Get Adobe Flash player

William Kraft Timpani Concerto #2

I just received the master for a live recording I had the privilege of conducting of Bill Kraft’s 2nd Timpani Concerto, “The Grand Adventure.” The incredible soloist is David Herbert, Principal Timpanist of the Chicago Symphony Orchestra and the wonderful orchestra is Symphony Silicon Valley in San Jose, California. Tom Johnson did a very fine job capturing it electronically!

Bill and I have been friends and colleagues since 1972. At that time I was the Conductor of the Debut Orchestra of the Young Musicians Foundation of Los Angeles. Bill was my advisor and our first encounter was when I was conducting a fiendishly difficult piece by Messiaen, “Couleurs de la Cite Celeste.” Ever since then I have been championing his music. So far I’ve recorded 8 works of his including his 1st Timpani Concerto with the marvelous Tom Akins and the Alabama Symphony Orchestra when I was its Music Director. So now with the release of the 2nd concerto, both of Bill’s fantastic pieces for the instrument can be widely heard.

The 1st concerto is for a standard set of timpani. The 2nd, however is for 15! There are 6 standard size timpani on the floor and 9 small timps suspended on a circular metal rack about 4-5 feet above the floor, surrounding the soloist. David had to not only execute a VERY difficult solo part but be in constant motion to get at the many instruments. This required him to p;lay the piece mostly from memory, another huge feat. Communicating with each other was harder than usual because we could catch each other’s eye only at certain moments. It’s astounding how good the ensemble is, especially considering that it was a live performance. David and I were really on the same page.

The orchestra was great. The players understood what they had to do very quickly and despite the complexities the rehearsal process went smoothly and efficiently. I’d like to give a special thanks to the percussion section which had so much of importance to do. At one point three players all play on a vibraphone with string bass bows. The 1st percussion had to find 32 tuned gongs for the week–and much more.

So bravo to one and all.  And another special thanks to Andrew Bales, the CEO and founder of the orchestra who recognized the value of the project and gave it his full support. It would not have happened otherwise.

Chautauqua Music Festival

Marsha and I just returned from my debut at the Chautauqua Music Festival. By the way, it’s pronounced with an “sh” sound–like Shautauqua! This is a place one has to experience.  On 500 acres of Lake Chautauqua waterfront, it is a community of 1200 residences with a mix of styles going back to the Victorian period, the post Civil War Atheneum Hotel (which has a motto prominently displayed in the grand lobby “every man has the right to be all he can be and to know what he can know), a 5000 seat covered amphiththeater with wonderful acoustics, a symphony orchestra, ballet company, opera company, theater company, a full array of lectures, art classes, sailing, a daily paper with kids hawking it on the town common, etc., etc. The season is 9 weeks in the summer and the place is shut down in the winter. The orchestra is terrific and they have to be since they play two programs a week, each with either one or two rehearsals. Mine had one in the afternoon of the performance and the players were so competent and generous in spirit that we put on a great show. Personally, I loved the pressure of producing a high standard with a minimum of rehearsing. The name of the game for all concerned is “be good NOW!” In a way, it felt similar to recording with a group that is sight reading at the session. I’ve done a fair bit of that type and I always enjoyed the artistic pressure and found that it brought out the best in everyone. Anyway, Bravo to Marty Merkey, its’s V.P. and Director of Programming, the musicians and all those responsible for keeping the vision of the founding fathers alive since the 1870s!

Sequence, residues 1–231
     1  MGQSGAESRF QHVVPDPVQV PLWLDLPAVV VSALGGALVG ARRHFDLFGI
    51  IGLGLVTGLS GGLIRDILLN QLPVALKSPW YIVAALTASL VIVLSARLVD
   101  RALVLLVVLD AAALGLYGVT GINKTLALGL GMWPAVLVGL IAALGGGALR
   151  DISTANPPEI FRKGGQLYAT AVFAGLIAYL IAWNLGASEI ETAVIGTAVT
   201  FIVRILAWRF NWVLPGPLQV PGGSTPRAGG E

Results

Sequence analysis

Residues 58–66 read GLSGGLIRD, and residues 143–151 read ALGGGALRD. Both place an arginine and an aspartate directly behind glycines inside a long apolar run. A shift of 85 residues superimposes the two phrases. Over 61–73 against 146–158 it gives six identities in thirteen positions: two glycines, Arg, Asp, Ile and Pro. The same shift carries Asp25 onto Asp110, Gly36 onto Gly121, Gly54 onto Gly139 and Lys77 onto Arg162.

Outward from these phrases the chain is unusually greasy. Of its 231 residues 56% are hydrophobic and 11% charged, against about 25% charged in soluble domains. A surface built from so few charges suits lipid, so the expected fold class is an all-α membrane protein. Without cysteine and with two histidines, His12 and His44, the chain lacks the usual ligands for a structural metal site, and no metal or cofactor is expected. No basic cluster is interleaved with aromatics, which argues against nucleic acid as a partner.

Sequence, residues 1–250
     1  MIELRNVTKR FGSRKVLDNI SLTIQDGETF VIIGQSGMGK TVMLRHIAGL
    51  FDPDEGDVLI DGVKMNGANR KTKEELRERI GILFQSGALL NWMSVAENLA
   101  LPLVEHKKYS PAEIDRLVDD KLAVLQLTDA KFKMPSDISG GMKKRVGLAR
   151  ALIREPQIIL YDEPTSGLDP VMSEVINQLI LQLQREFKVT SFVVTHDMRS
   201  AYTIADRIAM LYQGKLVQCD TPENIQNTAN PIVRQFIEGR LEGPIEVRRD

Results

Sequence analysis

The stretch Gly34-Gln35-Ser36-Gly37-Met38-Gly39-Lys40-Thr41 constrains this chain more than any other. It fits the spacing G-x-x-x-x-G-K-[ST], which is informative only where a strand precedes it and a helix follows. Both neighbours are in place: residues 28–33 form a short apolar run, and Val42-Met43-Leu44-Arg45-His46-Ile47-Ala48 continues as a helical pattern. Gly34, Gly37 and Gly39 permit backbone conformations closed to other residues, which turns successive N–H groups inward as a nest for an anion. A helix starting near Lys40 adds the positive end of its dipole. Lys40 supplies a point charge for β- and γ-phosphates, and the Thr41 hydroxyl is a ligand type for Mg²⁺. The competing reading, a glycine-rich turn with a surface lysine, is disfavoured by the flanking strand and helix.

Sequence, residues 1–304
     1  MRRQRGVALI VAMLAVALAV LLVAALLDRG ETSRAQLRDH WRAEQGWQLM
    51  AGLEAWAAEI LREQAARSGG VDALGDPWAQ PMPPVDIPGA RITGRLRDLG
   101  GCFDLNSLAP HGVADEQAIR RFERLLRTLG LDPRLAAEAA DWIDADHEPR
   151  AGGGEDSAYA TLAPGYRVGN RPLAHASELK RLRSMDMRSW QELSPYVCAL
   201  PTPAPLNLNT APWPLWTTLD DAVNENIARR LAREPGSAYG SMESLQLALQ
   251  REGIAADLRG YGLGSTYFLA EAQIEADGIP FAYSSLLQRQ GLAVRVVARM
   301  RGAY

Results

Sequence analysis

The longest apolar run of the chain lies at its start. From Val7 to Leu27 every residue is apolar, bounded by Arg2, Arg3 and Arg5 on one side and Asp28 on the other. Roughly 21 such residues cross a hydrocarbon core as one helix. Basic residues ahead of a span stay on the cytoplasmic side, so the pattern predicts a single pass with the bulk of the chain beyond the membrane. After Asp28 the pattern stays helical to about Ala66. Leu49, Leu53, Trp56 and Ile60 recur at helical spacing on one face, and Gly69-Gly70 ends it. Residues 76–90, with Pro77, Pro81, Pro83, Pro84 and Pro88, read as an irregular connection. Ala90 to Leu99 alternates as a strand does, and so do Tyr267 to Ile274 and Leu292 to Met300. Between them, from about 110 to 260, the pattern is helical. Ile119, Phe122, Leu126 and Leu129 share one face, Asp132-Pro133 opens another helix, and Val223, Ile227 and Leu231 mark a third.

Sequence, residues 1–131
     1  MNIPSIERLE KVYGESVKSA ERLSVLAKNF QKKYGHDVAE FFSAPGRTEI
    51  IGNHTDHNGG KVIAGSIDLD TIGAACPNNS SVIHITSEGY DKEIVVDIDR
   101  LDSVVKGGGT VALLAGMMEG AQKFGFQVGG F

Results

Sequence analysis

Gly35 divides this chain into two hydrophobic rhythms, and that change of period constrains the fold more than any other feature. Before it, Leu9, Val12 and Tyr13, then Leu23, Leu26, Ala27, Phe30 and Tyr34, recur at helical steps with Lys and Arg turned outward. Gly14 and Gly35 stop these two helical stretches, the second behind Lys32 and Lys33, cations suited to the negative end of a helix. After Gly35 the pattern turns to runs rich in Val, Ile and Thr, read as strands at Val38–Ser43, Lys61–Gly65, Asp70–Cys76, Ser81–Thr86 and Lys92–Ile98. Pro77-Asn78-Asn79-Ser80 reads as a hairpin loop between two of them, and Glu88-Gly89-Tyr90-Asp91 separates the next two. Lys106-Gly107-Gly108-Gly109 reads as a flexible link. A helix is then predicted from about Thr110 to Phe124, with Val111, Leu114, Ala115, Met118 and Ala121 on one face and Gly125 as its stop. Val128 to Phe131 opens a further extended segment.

Fun in New Hampshire

Last week my wife, Marsha and I reconnected with the New Hampshire Music Festival where I am Conductor Laureate. It was so great to make music again with my friends in the orchestra. As always, they played beautifully and it seemed like it was just yesterday when we last were together. Jay Buckley, the Festival’s treasurer was away on a trip to Iceland and he kindly made his lovely home on Lake Winona available to us. We had a wonderful time and it was my first chance to conduct Ginestera’s Variaciones Concertantes and De Falla’s El Amor Brujo, so the week had a nice balance of peaceful relaxation at the lake and new musical discovery. Bravo to our New Hampshire friends!!

Paul Polivnick
Contact Paul at 727-298-8182

Contact Paul at 727-298-8182

Contact Paul

Your Name (required)

Your Email (required)


Your Message

Please leave this field empty.

December 2017
« May